East Africa

Summer 2007

Part 6: Western Tanzania

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Sunday August 26th (day 11): Kigoma

We arrived on Saturday evening and found that the hotel we were aiming for was being reconstructed. A very long walk took us to another hotel out of town but right by the beach.

Finding a way out

We'd only come to Kigoma to take a train to Dodoma in central Tanzania, a 22 hour ride that would give us an occasion to see much of the Tanzanian landscape. From there we'd take a long bus ride to Arusha to start our safari. A very long stage of our trip, but that was the price we'd decided to pay for the kick pleasure of traveling counter-clockwise around Lake Victoria through Burundi.

So in the early morning we headed to Kigoma's train station to get us some tickets. As it turned out, the online schedule I'd found before the trip was completely wrong and the next train was two days later. Worse than that, they wouldn't sell us tickets for that train but only for a train more than a week later. Waiting that long was not an option, so we did a lot of arguing, but to no avail. It seemed like we were stuck in Kigoma.

The train station lies in the center of Kigoma, by an arm of lake Tanganyika. It was built by the Germans during colonial times. View along the tracks from Kigoma's train station.

So we had to look for an alternative. The only other way to get from Kigoma to Arusha is by air, so we headed to the office of Precision air, the only company that flies on Kigoma. They had flights to Arusha through Dar-es-Salaam but they were expensive and the first available seats would be several days later, so this was still very bad.

Having a self-made breakfast on a street in Kigoma while considering our options.

We knew there were sometimes chartered flight out of Kigoma straight to Arusha. It was a long shot, but we took a taxi to the luxurious Kigoma Hilltop Hotel outside of town to find out more about these chartered flights. An Indian guy runs a travel agency there and told us there was a plane doing a continuous circular city-to-city tour around the region. He'd call to find out where the plane was right now and if and when it could take us from Kigoma to Arusha. Meanwhile we admired the hotel's swimming pools and had a snack.

Having a fruit salad in the Kigoma Hilltop Hotel while waiting for information on the plane.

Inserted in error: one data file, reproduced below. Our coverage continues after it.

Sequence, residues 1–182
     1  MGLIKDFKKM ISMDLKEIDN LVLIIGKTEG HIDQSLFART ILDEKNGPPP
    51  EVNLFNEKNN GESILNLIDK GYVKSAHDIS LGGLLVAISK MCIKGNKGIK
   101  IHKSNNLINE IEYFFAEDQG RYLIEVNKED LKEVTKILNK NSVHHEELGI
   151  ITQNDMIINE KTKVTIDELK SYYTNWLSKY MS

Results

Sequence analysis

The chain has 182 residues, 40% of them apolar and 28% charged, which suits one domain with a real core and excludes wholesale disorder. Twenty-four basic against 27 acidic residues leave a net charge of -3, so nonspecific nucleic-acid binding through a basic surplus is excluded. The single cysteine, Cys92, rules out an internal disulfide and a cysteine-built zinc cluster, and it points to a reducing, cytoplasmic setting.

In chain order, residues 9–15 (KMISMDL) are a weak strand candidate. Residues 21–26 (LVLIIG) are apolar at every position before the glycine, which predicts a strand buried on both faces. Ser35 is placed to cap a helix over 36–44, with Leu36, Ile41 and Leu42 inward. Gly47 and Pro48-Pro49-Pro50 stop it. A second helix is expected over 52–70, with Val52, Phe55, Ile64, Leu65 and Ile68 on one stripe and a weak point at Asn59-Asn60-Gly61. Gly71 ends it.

It turned out we'd have to basically charter the whole plane ourselves and pay some 450$ each. We might have considered it to save us from losing almost a week in this place, but we'd have to wait a while for this plane as well.

The Indian guy then asked us why we didn't just take a bus to Mwanza and continue to Arusha from there. The LP said a bus ride to Mwanza would take at least 20 hours, but he said there was a new road and it only took 12 hours now. From Mwanza it would still be a long way to Arusha, but at least we'd be on the move. So we took a taxi to the bus company's office and bought a ticket for the 5:30am bus next morning.

In a street near the bus station we ran into a political rally, which featured two guys rapping, very strange.

Political manifestation on the street.


With our escape route finally arranged we headed to the fishing village of Kibirizi, just north of Kigoma. The boats pull in in the morning so we didn't see much action, but it was still a nice place to wander around.

Kibirizi Kibirizi Kibirizi
Kibirizi Loading a boat Boat repair

While we saw no fishing, we did see lots of tiny little scrawny fish drying in the sun, a glittering sight.

Fish drying in the sun Whiping dead fish around
Fresh fish on the ground Danny wandering among the fish

Some more sights around the village...

The market was closed already Kids Pool table


In the late afternoon we relaxed on the beach behind our hotel until sunset and got to swim in lake Tanganyika for a second time (after Bujumbura).

Playa Kigoma Locals enjoying the beach in Kigoma The setting sun in Kigoma

Since our bus was leaving on the other side of Kigoma next morning at 5:30am, we'd booked another hotel room there so after dinner we went there.

Monday August 27th (day 12): Kigoma to Mwanza

We woke up at 4am to be at the bus at 5am. Danny discovered his whole back was full of flee bites from the mattress, it looked very nasty (can't find the pic right now).

The shabby old bus left in the dark at 6am. Instead of 12 hours it would take 17 hours to get to Mwanza, and the ride was gruesome. The bus was packed, with three people on every bench (where you'd have two people normally) and as many people standing up in the middle as could be squeezed inside. If the ride was hell for us, it must have been a lot worse still for those people, though most of them didn't make the whole trip.

Our bus to Mwanza Inside the bus

Half of the time we were driving over dirt roads that made the bus vibrate violently, and every few minutes a hole in the road made us jump out of our seats - I literally hit the luggage rack above with my head several times and started holding one hand up to protect myself. Meanwhile I was still protecting the fragile dream catcher from Rwanda on my lap.

An even stretch of the dirt road We were sitting near the back which probably didn't help when we hit holes in the road. Danny posing on his seat in the bus during a stop. The back of his seat fell out every time we hit a hole in the ground, so he was cursing half the way to Mwanza.

Contrary to what you'd expect the bus was going full speed all the time. Most vehicles that we drive in Europe would have been torn apart during a ride like this, but this old bus had no problem with it. Here's a movie of what it was like...

These pictures made during the ride show some Tanzanian roadside scenery.

Tanzanian village A lovely tree Guys sitting in the remains of a deceased truck

Near noon we drove through a town and at a bus station made one of only a very few stops. Since we had no idea how long these stops would last, only one of us got out of the bus each time for a toilet break so the other could try to stop the bus if it drove away. Which would be hard considering it took minutes just to squeeze through all the people to get to the front of the bus.

Driving into a town Some repair going on at the bus stop
A Tanzanian boy pulling a toy car Here's me paying to use a toilet

Getting back on the bus proved quite hard as well since a small crowd of people were trying to get on it, trying to make some extra place by pulling and pushing. I just waved my ticket over my head with one hand and fought my way through the people with the other.